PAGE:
FORT DRUM During a tour of ReEnergy Holdings LLCs Black River biomass facility on post Thursday, several industry observers were optimistic about how sites like the plant could benefit local economies across the state.
Theres a big potential to grow capacity, said Alice Brumbach, the executive administrator of the New York Biomass Energy Alliance. She said one major benefit was that local job and supply chains are created in areas around biomass facilities.
Thursday mornings tour, set up by ReEnergy, the alliance and the Jefferson County Industrial Development Agency, brought about 40 people from a range of specialties to the post to see the 60-megawatt generating plant and learn about its operations.
Its a new market for forestry, said Eric W. Carlson, president of the Empire State Forest Products Association. We need markets for these private and state forests.
The plant, which opened in June after approximately $34 million in work was done to convert the site from burning coal, currently provides power to the area around the post, and sells renewable energy credits to the New York State Energy Research and Development Authority.
A number of those in attendance were connected to the growth of shrub willow harvest. Shrub willow burns like most wood products but can be readied for use in four years for its first crop, much faster than most area tree species. The product also can be harvested at times when heavy mud makes logging unfeasible.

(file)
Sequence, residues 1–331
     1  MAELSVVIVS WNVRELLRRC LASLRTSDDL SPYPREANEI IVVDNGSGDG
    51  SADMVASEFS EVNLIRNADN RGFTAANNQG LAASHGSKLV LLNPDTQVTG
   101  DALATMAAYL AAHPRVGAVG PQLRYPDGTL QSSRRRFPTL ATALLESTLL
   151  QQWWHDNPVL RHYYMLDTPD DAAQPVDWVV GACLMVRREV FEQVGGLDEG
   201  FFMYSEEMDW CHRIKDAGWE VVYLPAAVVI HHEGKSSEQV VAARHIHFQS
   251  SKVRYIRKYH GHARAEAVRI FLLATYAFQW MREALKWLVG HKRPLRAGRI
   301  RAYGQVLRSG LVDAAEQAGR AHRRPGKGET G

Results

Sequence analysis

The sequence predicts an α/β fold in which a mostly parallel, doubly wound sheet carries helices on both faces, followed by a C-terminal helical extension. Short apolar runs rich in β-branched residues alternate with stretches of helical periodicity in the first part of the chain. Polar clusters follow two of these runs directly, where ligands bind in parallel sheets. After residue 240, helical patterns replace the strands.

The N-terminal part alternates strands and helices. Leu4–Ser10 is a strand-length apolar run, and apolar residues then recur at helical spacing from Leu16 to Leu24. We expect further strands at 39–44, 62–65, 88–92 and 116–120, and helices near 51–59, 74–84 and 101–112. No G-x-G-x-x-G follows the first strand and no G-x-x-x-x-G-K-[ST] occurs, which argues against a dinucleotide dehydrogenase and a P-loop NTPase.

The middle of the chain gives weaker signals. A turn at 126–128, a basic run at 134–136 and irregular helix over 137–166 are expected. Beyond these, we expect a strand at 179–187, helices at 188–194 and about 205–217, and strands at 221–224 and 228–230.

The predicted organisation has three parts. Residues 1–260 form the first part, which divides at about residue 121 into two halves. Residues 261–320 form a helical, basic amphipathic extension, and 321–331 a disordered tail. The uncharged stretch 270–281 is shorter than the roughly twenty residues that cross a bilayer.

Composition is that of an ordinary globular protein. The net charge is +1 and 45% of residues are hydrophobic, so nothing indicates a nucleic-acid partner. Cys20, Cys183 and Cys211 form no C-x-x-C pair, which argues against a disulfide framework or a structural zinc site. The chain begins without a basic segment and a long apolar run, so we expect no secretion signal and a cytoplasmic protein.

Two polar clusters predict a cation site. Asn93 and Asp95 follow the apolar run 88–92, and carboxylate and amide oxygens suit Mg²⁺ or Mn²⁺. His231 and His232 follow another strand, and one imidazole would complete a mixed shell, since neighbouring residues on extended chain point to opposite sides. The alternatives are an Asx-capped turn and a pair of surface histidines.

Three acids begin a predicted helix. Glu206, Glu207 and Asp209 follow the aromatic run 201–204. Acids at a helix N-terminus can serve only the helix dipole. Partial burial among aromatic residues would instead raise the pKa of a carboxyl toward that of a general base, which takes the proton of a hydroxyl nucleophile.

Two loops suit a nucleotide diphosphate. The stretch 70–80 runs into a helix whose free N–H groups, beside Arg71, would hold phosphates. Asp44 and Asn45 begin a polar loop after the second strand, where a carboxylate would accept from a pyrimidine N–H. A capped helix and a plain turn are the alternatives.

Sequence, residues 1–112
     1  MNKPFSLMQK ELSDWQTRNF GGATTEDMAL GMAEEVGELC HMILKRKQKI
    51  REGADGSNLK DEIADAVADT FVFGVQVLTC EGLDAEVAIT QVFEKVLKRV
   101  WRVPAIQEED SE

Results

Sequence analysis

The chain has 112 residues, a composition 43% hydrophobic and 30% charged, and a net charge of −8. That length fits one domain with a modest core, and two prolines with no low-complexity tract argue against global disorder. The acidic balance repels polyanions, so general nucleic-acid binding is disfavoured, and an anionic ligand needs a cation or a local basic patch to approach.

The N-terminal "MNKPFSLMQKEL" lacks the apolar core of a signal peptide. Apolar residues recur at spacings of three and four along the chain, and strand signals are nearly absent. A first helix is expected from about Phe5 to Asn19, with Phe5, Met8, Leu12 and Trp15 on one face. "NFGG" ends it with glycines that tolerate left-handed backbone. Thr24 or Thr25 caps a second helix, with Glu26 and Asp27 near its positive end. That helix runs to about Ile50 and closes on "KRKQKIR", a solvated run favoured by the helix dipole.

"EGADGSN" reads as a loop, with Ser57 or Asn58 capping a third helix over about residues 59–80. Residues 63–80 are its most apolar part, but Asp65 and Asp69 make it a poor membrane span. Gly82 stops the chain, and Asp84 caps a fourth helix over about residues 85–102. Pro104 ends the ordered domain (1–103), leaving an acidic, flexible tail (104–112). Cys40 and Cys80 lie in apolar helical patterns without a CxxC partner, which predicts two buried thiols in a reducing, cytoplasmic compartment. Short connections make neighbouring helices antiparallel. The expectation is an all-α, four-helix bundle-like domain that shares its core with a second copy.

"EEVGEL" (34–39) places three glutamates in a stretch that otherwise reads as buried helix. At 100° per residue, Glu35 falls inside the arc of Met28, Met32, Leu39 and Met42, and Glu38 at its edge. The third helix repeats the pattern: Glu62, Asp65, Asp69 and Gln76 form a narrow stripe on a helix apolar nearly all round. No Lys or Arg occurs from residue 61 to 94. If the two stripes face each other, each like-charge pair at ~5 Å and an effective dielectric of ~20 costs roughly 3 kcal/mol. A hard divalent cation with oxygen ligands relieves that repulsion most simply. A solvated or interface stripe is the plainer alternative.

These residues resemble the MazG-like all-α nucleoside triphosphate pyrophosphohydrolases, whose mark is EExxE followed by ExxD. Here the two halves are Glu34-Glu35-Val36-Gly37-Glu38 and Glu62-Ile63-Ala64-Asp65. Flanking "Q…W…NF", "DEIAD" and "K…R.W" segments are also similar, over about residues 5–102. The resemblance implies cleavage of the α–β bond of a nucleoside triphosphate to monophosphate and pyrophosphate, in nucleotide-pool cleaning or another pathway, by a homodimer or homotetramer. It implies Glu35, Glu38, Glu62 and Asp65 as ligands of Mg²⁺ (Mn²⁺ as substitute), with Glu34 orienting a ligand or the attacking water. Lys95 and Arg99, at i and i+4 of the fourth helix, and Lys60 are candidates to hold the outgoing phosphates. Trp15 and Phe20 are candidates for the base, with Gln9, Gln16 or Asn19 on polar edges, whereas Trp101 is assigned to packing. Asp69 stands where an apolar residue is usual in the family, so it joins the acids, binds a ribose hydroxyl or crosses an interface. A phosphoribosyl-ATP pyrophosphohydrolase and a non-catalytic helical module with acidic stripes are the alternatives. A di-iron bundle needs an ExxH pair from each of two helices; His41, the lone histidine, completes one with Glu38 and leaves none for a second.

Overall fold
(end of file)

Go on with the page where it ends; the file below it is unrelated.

Robert J. McDonagh, who operates on 1,100 acres of farm property in Cape Vincent, said his first shrub willow harvest will be ready this fall, and that he was trying to expand his acreage so he could grow more of it.
We have an end user, he said. Theres stability that way.
Mr. McDonagh was joined at the event by Marty T. Mason, another Cape Vincent farmer who changed to the shrub after about 10 years growing hay and corn. He planted his first crop this spring.
I thought Id give it a try, he said. It was something different, and I figured Id get in on the ground floor.
David G. Dungate, president of Bioenergy Project Partners, which works around biofuel projects for buildings like schools, said larger projects like the plant helped develop the resources that would aid small-scale efforts.
We need a viable industry, and this is a big part of keeping the forest industry viable, he said.
The looming question for the facility is whether ReEnergy will receive a contract to supply the post with millions of dollars in renewable power from the plant. The site was listed by the government as one of two areas on post usable for the creation of such sustainable power.
A spokeswoman for the Defense Logistics Agency-Energy said in an email last week that the decision would come this month or September, and a company spokesman said Thursday that they had not been informed that a decision had been made.